September 8, 2015 / 2:17 PM / 3 years ago

Kaufman's 'Anomalisa' in Venice is animation: for adults

VENICE (Reuters) - Director Charlie Kaufman’s “Anomalisa”, shown at the Venice Film Festival on Tuesday, is a stop-motion animation film shot with puppets that is full of laughs, tenderness and more than a touch of the surreal.

Directors Duke Johnson (L) and Charlie Kaufman (2nd L) pose with cast members Jennifer Jason Leigh and Tom Noonan (R) during the photocall for the movie "Anomalisa" at the 72nd Venice Film Festival, northern Italy September 8, 2015. REUTERS/Stefano Rellandini

But with an explicit sex scene between two of the puppets about halfway through, it won’t be one for the whole family.

Kaufman refuses to discuss what his films or screenplays are about, but he and co-director and animation specialist Duke Johnson told Reuters in an interview they can live with the U.S. R-rating the film got because of the sex scene. It means viewers under 17 years old must be accompanied by an adult.

“We’re fine with that ... I mean we wanted to do it in a way that was emotional because immediately people think puppets having sex is a joke,” Kaufman said in Venice, where the film is competing for the top Lion d’Or prize.

“You know ‘Team America’ did it and it was done for a joke and ... it doesn’t fit with our story to be that. It’s an emotional moment ... so we worked really hard to make it that, to make it real and sensitive.”

Kaufman, who wrote the screenplays for “Being John Malkovich” and “The Eternal Sunshine of the Spotless Mind”, has not been a presence in the cinema since he made his directorial debut with the highly regarded but quirky “Synecdoche, New York” (2008).

He is making his return with this 90-minute film focusing on a motivational speaker named Michael, who flies into Cincinnati from Britain on a soul-sapping business trip.

Suffering from the type of identity crisis for which Kaufman characters are famous, Michael meets up during his one-night visit with an old flame, who has never gotten over him dumping her, and a woman named Lisa, who has come to hear him speak and who gives Michael new inspiration for life.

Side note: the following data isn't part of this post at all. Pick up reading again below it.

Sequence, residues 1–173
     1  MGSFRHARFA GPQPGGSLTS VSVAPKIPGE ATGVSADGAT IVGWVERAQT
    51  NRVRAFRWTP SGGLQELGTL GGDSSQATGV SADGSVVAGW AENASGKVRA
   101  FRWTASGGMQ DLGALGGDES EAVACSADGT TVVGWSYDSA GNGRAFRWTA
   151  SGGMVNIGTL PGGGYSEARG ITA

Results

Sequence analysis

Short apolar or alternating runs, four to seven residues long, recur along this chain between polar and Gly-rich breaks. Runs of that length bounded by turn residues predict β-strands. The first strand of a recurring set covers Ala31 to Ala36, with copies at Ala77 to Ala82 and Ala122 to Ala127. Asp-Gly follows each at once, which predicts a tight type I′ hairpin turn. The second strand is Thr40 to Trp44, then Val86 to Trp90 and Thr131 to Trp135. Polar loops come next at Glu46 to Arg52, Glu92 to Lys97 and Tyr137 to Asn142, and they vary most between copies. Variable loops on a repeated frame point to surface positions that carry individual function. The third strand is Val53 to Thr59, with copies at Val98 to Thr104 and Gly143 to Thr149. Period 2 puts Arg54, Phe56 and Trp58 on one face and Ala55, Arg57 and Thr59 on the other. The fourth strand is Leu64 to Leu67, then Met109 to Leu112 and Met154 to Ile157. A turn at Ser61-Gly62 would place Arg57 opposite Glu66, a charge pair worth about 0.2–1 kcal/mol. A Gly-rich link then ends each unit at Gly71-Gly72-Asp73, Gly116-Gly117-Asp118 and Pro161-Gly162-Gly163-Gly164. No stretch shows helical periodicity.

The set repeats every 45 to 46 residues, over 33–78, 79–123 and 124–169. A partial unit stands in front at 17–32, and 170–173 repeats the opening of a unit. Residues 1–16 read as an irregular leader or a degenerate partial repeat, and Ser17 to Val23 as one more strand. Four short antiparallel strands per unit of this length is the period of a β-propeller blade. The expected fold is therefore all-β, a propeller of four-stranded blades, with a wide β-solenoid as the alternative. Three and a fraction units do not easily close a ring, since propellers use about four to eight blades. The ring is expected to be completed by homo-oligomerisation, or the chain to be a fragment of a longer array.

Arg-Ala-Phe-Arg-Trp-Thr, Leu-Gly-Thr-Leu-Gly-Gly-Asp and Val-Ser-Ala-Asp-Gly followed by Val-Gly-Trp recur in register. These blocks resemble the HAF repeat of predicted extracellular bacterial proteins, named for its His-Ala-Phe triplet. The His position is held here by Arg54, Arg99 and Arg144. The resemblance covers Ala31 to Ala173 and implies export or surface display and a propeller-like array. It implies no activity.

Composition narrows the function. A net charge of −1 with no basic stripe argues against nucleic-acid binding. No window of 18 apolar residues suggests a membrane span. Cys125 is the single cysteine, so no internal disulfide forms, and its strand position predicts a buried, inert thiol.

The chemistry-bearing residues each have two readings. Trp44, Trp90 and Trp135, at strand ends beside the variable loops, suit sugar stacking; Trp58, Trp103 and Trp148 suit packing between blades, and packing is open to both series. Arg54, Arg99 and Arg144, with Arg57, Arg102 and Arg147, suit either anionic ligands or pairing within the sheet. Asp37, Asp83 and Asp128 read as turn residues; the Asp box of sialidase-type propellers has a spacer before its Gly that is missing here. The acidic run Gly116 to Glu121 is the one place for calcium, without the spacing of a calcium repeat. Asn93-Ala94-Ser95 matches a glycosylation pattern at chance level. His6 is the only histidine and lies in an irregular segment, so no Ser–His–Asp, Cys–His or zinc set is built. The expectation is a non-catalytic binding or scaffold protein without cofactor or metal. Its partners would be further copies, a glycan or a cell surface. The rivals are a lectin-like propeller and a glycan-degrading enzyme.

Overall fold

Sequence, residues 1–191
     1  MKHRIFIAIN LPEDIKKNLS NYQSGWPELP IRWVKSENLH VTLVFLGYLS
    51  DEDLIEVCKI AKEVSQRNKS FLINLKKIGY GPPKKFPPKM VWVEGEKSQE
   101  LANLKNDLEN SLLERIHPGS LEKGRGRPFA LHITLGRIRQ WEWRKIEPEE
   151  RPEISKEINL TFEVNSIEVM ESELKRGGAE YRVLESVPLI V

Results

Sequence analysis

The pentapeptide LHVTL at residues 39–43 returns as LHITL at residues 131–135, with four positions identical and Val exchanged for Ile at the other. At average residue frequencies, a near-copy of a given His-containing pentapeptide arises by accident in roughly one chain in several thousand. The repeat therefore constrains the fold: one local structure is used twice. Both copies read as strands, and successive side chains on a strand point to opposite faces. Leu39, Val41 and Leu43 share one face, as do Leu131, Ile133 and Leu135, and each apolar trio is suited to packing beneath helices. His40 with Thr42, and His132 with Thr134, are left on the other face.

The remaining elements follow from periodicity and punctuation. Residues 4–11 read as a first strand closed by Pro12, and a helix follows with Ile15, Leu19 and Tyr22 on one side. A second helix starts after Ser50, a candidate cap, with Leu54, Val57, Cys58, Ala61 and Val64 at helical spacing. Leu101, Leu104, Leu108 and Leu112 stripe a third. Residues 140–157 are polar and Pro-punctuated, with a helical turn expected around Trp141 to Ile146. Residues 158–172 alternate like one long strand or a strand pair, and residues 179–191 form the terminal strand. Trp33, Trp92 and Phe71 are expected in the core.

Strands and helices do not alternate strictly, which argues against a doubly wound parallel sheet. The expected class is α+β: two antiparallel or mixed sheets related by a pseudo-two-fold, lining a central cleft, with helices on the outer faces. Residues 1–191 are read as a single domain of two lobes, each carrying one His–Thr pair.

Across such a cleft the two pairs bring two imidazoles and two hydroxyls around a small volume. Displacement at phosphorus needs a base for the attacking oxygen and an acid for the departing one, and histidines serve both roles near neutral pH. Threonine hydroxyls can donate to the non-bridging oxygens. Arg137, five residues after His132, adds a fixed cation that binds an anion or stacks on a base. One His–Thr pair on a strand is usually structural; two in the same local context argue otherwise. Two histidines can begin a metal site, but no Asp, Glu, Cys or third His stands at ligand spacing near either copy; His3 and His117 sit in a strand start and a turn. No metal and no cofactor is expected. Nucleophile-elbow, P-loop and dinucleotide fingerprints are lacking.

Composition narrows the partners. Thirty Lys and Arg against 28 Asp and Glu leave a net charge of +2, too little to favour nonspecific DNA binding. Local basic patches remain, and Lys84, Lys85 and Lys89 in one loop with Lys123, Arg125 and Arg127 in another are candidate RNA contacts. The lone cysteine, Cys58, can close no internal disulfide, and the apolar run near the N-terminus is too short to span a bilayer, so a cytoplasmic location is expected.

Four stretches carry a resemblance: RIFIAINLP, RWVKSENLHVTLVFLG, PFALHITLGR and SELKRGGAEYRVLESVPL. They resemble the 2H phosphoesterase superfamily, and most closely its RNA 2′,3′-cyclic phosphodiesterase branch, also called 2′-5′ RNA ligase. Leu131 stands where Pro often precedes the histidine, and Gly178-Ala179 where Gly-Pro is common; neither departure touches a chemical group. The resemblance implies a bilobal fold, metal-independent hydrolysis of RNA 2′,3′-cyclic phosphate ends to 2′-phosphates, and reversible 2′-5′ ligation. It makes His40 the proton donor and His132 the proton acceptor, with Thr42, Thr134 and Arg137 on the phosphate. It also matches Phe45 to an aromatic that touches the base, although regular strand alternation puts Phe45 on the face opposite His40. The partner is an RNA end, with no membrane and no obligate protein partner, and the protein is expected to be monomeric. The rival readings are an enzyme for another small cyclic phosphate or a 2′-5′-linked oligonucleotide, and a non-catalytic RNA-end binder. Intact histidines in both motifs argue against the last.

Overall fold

The film, which won favorable reviews at the Telluride Film Festival, where it was shown before an official premiere in Venice, is voiced by only three people.

Jennifer Jason Leigh (“Fast Times at Ridgemont High”) is Lisa, whom Michael decides to rechristen Anomalisa when he falls for her.

David Thewlis (Remus Lupin in “Harry Potter”) voices Michael and Tom Noonan (“12 Monkeys” TV series) is everyone else — from the taxi driver who drives Michael to his hotel, to the receptionist, to everyone, male and female, in the hotel bar and so on.

Having almost everyone in the world speak with the same voice is a statement on who we are, and Kaufman allowed that identity, for him, is a tricky business.

“It’s not fixed, I don’t think it is for anybody, you know? ... We want to think we’re this thing but we’re kind of like constantly shifting and depending on who we’re with and what age we are and even like at the same moment talking to different people in the same room we become different people, you know? At least I do.”

Noonan said portraying a huge range of characters with only his voice was a challenge.

“In the movie you never see me, so I can’t vary that far from my normal sound so it’s a little harder ... to communicate,” he said.

But Leigh said she’d enjoyed doing voicings for a change and was up for more.

“It’s an art, it really is, there’s an art to it and I’d love to do more of it, actually. I found it really quite focused and deep and there’s something beautiful about it.”

Editing by Larry King

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